Why Python's global is necessary

September 2, 2010

When I started out programming in Python, I didn't really like global. For a long time I considered it unaesthetic, annoying, and on the whole an irritating wart of the bytecode implementation. As I mentioned recently, I have come around to a different view of global, and it goes like this.

If you want to have both global variables and lexically scoped local variables, you have to be able to tell whether a given name being assigned to in a function is a local or a global variable at the time that the function is being defined. Assuming that you want as much as possible of this to be implicit for various reasons, there are three relatively reasonable choices that I can think of:

  • you must declare globals explicitly; otherwise names are local.
  • you must declare locals explicitly; otherwise names are global.
  • the decision is made implicitly by what global names already exist when the function is being defined; a name that exists globally is taken as a global variable, and otherwise the name is taken as a local variable.

(If a name is never assigned to within a function but only read from, it's either a global variable or a 'use of an undefined value' error. Python opts to consider it a global variable.)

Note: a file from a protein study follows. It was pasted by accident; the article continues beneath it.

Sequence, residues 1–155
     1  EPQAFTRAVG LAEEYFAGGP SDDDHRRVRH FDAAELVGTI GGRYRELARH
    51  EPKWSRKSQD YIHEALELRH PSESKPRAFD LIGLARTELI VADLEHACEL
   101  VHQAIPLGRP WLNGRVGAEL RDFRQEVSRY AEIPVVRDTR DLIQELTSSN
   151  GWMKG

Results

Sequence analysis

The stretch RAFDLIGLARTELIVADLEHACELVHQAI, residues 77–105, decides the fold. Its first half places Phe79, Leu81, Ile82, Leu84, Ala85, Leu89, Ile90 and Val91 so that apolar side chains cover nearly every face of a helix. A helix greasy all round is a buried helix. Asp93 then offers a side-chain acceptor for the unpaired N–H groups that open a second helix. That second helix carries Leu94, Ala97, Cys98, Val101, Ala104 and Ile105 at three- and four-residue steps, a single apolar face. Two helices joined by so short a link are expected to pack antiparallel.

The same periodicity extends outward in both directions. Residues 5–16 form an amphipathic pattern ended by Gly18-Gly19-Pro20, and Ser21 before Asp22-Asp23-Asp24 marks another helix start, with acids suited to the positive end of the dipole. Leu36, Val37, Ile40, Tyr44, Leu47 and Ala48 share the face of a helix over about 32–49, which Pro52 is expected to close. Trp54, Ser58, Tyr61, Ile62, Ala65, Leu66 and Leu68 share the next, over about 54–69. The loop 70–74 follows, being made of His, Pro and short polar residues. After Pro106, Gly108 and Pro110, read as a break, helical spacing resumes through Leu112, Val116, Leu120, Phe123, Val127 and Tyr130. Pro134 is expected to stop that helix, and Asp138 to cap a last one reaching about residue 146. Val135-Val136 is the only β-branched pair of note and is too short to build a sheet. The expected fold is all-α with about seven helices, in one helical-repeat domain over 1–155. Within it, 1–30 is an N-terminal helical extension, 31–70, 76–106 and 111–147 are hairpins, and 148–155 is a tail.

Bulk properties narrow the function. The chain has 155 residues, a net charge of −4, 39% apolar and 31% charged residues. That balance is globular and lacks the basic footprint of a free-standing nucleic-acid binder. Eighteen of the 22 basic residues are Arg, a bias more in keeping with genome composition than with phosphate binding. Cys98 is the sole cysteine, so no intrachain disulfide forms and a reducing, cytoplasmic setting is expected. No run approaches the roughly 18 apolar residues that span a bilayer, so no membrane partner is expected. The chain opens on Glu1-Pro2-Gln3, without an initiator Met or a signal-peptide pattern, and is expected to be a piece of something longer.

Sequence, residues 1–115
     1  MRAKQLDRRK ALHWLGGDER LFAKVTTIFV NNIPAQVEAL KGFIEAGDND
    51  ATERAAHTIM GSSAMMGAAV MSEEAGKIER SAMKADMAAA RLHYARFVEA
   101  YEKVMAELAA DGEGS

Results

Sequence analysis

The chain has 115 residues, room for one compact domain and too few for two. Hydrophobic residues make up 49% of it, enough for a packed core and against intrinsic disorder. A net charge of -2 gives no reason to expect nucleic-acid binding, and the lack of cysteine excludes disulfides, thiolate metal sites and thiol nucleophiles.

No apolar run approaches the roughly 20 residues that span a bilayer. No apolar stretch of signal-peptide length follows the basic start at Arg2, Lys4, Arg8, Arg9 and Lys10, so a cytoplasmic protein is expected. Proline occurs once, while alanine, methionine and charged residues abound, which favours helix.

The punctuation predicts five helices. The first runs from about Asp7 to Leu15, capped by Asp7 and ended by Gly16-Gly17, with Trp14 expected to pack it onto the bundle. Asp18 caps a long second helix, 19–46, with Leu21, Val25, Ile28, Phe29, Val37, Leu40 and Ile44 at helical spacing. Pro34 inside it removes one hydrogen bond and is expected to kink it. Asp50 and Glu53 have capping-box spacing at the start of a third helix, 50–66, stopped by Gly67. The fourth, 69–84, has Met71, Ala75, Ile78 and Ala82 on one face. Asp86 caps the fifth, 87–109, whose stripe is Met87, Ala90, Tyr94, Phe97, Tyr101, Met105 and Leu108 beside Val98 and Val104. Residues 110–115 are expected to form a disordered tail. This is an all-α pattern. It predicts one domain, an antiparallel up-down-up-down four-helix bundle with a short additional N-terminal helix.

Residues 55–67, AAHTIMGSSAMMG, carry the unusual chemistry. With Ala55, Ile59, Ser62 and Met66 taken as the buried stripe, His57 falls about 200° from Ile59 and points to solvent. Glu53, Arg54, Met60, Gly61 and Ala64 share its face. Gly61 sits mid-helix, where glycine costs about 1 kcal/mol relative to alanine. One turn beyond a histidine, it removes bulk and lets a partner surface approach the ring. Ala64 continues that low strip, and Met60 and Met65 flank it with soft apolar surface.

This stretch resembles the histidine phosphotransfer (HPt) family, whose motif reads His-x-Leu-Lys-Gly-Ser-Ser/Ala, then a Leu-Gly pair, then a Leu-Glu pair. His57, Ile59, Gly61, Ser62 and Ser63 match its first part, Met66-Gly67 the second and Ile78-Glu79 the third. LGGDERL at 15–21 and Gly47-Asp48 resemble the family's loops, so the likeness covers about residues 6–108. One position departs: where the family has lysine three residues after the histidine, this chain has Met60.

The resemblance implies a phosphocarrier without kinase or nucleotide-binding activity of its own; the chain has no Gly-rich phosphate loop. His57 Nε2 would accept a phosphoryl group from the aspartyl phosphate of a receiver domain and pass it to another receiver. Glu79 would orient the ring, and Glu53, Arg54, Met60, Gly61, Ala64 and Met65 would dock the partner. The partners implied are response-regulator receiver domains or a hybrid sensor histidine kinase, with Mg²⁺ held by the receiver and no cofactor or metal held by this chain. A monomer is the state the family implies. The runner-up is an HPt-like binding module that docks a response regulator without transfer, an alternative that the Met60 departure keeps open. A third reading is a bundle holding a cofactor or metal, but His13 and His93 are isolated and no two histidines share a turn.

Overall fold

The third option is fragile (and un-Pythonic). This leaves you with a choice between the first and the second options, and either way you are going to need a keyword for it. Python makes the decision that writing to global variables will be rare and so it forces you to declare them explicitly; local variables, the common case, are handled implicitly. So it needs global, because having local instead would be worse (and having neither would be much worse).

(This decision might be either a pragmatic one, based on what was expected to be common, or a philosophical choice to make global variables more inconvenient in the hopes of making them less common. I don't know the Python history involved, so I have no idea which it was.)

Other languages make different choices here, sometimes for philosophical reasons that come down on the other side and sometimes just for historical ones (eg, if they started out without local variables or lexical scoping at all).

Sidebar: the many problems with the fully implicit option

The core problem with the fully implicit option, why it is fragile in many ways, is that it makes the meaning of a function dependent on its surrounding context. You can't just read a function and know what it does and what it manipulates; instead you have to know what global names exist when the function is defined.

One consequence of this is that anything that changes what global names are defined can change the meaning of the function. In a language like Python where function definition is an ordinary executable statement, one done immediately when encountered, merely moving a function definition forward or backwards inside a file could change the function's meaning even without any other code changes (as you move it before or after where global names are created or even deleted).

Written on 02 September 2010.
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Last modified: Thu Sep 2 00:00:26 2010
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